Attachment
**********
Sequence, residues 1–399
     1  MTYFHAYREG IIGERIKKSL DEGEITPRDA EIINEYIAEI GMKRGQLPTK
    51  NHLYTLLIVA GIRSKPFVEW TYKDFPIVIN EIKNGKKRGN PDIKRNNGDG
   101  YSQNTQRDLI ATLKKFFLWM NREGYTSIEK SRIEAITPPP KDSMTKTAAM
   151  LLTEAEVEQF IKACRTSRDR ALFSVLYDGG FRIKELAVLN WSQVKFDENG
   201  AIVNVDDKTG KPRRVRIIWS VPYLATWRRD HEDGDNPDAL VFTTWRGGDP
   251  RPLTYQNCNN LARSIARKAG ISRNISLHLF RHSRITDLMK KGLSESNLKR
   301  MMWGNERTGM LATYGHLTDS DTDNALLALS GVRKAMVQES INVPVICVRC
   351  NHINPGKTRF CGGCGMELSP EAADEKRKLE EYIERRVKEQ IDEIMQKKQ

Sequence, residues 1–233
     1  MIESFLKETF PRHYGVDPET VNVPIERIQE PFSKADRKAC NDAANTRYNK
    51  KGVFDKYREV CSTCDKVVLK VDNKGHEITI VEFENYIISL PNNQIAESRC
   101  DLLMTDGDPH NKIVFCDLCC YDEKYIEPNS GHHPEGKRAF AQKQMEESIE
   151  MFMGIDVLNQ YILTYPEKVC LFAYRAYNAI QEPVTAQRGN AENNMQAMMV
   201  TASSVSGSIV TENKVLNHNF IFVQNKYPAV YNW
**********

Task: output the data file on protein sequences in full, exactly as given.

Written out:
Sequence, residues 1–399
     1  MTYFHAYREG IIGERIKKSL DEGEITPRDA EIINEYIAEI GMKRGQLPTK
    51  NHLYTLLIVA GIRSKPFVEW TYKDFPIVIN EIKNGKKRGN PDIKRNNGDG
   101  YSQNTQRDLI ATLKKFFLWM NREGYTSIEK SRIEAITPPP KDSMTKTAAM
   151  LLTEAEVEQF IKACRTSRDR ALFSVLYDGG FRIKELAVLN WSQVKFDENG
   201  AIVNVDDKTG KPRRVRIIWS VPYLATWRRD HEDGDNPDAL VFTTWRGGDP
   251  RPLTYQNCNN LARSIARKAG ISRNISLHLF RHSRITDLMK KGLSESNLKR
   301  MMWGNERTGM LATYGHLTDS DTDNALLALS GVRKAMVQES INVPVICVRC
   351  NHINPGKTRF CGGCGMELSP EAADEKRKLE EYIERRVKEQ IDEIMQKKQ

Sequence, residues 1–233
     1  MIESFLKETF PRHYGVDPET VNVPIERIQE PFSKADRKAC NDAANTRYNK
    51  KGVFDKYREV CSTCDKVVLK VDNKGHEITI VEFENYIISL PNNQIAESRC
   101  DLLMTDGDPH NKIVFCDLCC YDEKYIEPNS GHHPEGKRAF AQKQMEESIE
   151  MFMGIDVLNQ YILTYPEKVC LFAYRAYNAI QEPVTAQRGN AENNMQAMMV
   201  TASSVSGSIV TENKVLNHNF IFVQNKYPAV YNW